Artist Viviane Silvera didn’t know what “See Memory,” a film composed of a series of paintings about a young woman’s journey through her own memories, would become when she began. The idea slowly crept up on her, piece by piece, just as one recollects a memory while going through old photographs.
Born in Hong Kong and raised there until the age of 10, moving to Brazil, and then finally settling in New York City, Ms. Silvera has quite the unique perspective. A student of both fine art and film, she used both of her talents to create the exhibition now showing through Iron Gate East, a popup gallery and art market, at The Spur in Southampton.
Ms. Silvera began her career as an artist with a series of drawings titled “Close-Ups” in 2000, which showed how the same face can look completely different based on lighting and cropping alone. She took videos of herself as different characters and drew them. “That’s how I began the idea of building a camera-like image all by hand, and sort of showing the hand of the artist,” she said.
“Borrowed Memories,” a later painting series based on memories from other people’s childhoods in Hong Kong in the 1970s, was her first move toward the type of idea that would eventually create “See Memory.” Ms. Silvera said it was frustrating that she couldn’t put most of her memories from her childhood in Hong Kong into words, and she found herself so immersed in the memories of others that she ended up taking them and putting them where hers were missing. “I literally borrowed other people’s snapshots of their childhoods. … By the end of it, it really felt like I claimed those images as my own,” she said. “I knew I wanted to keep exploring memory visually.”
Ms. Silvera’s interest in film catapulted her work further into the art of perception and memory. She said that the film “Ordinary People,” a 1980 movie about a boy who struggles with post-traumatic stress after his brother dies in a boating accident, had such a big impact on her that she wanted to explore the themes from the movie herself, leading her to create “Therapy Part 1” and “Therapy Part 2,” two painting series based on snapshots from films about or featuring therapy.
“Ordinary People” gave Ms. Silvera the idea to use lighting to explore the subconscious, a theme that carried over into the current “See Memory” exhibition. She filmed a young woman going through therapy in a similar sequence, using the same themes of remembrance and self-discovery. “I watched the footage, I realized, ‘I want to slow this down, I want it to be more dreamy and less of this straight forward action,’” she said, and decided to do paintings and stop-motion instead of film.
“I extracted stills that I liked and used those stills as a point of departure from the live-action footage, but then sort of let myself work somewhat intuitively,” she said.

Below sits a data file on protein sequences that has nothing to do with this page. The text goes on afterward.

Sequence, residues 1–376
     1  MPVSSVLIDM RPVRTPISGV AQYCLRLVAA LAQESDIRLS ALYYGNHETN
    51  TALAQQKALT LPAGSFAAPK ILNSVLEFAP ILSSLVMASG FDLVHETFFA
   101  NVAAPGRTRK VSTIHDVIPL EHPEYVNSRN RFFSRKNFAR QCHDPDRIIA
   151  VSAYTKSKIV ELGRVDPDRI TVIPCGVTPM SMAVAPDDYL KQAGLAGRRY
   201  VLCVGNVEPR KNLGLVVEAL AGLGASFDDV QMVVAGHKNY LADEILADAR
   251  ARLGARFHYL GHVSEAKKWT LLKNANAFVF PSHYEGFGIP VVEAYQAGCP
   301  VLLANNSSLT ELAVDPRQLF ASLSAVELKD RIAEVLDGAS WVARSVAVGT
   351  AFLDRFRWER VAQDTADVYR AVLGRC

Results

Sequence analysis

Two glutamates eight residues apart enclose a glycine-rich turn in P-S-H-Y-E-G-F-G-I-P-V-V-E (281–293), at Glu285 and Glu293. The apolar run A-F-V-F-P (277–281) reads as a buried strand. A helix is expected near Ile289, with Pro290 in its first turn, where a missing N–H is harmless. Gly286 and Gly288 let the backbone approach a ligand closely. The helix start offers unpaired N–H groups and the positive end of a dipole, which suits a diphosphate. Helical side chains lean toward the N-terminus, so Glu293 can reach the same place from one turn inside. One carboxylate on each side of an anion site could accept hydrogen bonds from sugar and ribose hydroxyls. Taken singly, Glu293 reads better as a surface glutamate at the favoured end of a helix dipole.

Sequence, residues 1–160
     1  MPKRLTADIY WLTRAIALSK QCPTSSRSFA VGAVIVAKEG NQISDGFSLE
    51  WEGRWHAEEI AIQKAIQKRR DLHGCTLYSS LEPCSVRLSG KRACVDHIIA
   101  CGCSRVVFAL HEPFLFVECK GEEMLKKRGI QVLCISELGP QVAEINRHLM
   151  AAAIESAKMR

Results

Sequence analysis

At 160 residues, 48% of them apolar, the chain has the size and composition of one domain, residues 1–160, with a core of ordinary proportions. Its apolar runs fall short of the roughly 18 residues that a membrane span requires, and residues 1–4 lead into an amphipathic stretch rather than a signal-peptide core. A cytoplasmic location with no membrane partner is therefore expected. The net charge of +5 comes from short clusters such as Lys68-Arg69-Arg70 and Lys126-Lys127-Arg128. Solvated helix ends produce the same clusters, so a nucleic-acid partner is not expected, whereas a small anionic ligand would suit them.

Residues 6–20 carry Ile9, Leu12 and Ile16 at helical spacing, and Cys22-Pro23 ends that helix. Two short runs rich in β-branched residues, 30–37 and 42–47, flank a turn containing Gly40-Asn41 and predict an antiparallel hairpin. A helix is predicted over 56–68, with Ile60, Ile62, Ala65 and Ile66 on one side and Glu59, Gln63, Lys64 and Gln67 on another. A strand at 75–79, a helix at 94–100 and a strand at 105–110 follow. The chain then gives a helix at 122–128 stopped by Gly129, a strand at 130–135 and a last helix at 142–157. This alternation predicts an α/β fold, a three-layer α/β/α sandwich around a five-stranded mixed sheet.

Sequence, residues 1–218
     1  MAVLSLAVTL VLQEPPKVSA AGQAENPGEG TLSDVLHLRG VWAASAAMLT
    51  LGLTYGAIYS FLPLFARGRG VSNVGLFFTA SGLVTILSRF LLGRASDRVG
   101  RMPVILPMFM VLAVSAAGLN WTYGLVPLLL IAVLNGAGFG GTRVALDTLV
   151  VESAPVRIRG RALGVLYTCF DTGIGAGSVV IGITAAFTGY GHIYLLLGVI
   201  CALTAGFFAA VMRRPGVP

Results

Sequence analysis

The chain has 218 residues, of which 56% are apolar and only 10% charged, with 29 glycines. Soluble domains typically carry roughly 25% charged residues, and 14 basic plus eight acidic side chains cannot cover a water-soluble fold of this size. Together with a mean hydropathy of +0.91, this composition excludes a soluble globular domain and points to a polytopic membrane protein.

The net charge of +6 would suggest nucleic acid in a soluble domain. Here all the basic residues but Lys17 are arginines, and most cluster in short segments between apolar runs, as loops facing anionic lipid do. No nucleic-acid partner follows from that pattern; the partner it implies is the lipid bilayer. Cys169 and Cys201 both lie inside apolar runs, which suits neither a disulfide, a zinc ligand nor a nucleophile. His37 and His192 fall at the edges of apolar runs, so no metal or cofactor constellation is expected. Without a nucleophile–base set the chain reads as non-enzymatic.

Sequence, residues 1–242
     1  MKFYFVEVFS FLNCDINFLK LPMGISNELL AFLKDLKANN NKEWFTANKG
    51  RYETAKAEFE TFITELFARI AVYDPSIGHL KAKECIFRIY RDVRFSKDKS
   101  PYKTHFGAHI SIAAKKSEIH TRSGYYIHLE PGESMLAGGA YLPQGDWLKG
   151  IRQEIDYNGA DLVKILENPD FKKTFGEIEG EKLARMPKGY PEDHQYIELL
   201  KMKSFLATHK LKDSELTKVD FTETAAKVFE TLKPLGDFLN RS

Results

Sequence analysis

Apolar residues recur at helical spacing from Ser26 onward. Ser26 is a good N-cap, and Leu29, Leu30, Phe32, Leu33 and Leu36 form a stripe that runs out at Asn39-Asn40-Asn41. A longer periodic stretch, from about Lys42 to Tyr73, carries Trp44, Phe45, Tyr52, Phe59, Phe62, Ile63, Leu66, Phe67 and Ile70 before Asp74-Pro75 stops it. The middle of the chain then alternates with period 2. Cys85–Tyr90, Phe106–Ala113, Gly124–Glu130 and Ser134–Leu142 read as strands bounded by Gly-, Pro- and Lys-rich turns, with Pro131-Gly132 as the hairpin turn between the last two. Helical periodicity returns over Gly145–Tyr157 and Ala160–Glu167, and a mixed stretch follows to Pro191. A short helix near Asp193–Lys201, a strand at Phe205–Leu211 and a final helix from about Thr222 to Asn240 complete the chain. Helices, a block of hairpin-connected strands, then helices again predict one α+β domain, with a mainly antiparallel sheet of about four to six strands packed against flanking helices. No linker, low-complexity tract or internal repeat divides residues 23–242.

Ms. Silvera then did almost eight hours of interviews with different cognitive psychologists about their work with memory to create the voiceover for the film, eventually eliminating scientific terms in order to keep viewers in the reverie.
Ms. Silvera’s current showing of “See Memory” was curated by Kelcey Edwards of Quogue, the creator of Iron Gate East, whom Ms. Silvera said she clicked with right away. “I felt that a traditional gallerist who didn’t really know what to do with film wasn’t going to be the right person to show the work. It needed someone who knew both painting and film. … We just speak the same language,” she said.
Ms. Edwards, who graduated from Stanford University’s Master of Fine Arts documentary film and video program, had nothing but praise to sing of Ms. Silvera as well. “She doesn’t hit a false note,” Ms. Edwards said.
They met first through a mutual friend’s film screening, and then again through Ms. Silvera’s producer, Jon Cornick, who happened to have graduated from the same film program that Ms. Edwards went through years earlier.
Ms. Edwards said Ms. Silvera’s show is so unique because of the coming together of film and painting, and that this showing is the closest the set of 23 paintings has ever come to being shown completely.
“I love this idea of a room without walls. So much of her work is about interiors and exteriors, psychological ones and spatial ones and how they’re connected,” Ms. Edwards said of one painting in particular, titled “Empty Room.” It shows an empty therapist’s office with the young woman in the distance, Central Park bleeding into the space. “This show is just so different from the others.”
“See Memory” is showing at The Spur @ The Station, 280 Elm Street, Southampton Village now through Saturday, July 28. A free public curator-led tour will be offered on Sunday, July 22, from 1 to 3 p.m. For more information or to schedule an appointment, call Iron Gate East at 512-773-5994 or visit irongateeast.com.
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